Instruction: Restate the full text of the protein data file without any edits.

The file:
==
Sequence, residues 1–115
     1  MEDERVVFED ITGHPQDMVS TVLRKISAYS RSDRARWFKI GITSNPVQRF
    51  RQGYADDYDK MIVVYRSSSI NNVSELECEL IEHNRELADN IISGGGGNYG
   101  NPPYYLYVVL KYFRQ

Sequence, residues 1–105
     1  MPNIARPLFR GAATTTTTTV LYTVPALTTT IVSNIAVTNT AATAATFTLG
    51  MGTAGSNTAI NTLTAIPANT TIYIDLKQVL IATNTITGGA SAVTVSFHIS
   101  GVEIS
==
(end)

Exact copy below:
Sequence, residues 1–115
     1  MEDERVVFED ITGHPQDMVS TVLRKISAYS RSDRARWFKI GITSNPVQRF
    51  RQGYADDYDK MIVVYRSSSI NNVSELECEL IEHNRELADN IISGGGGNYG
   101  NPPYYLYVVL KYFRQ

Sequence, residues 1–105
     1  MPNIARPLFR GAATTTTTTV LYTVPALTTT IVSNIAVTNT AATAATFTLG
    51  MGTAGSNTAI NTLTAIPANT TIYIDLKQVL IATNTITGGA SAVTVSFHIS
   101  GVEIS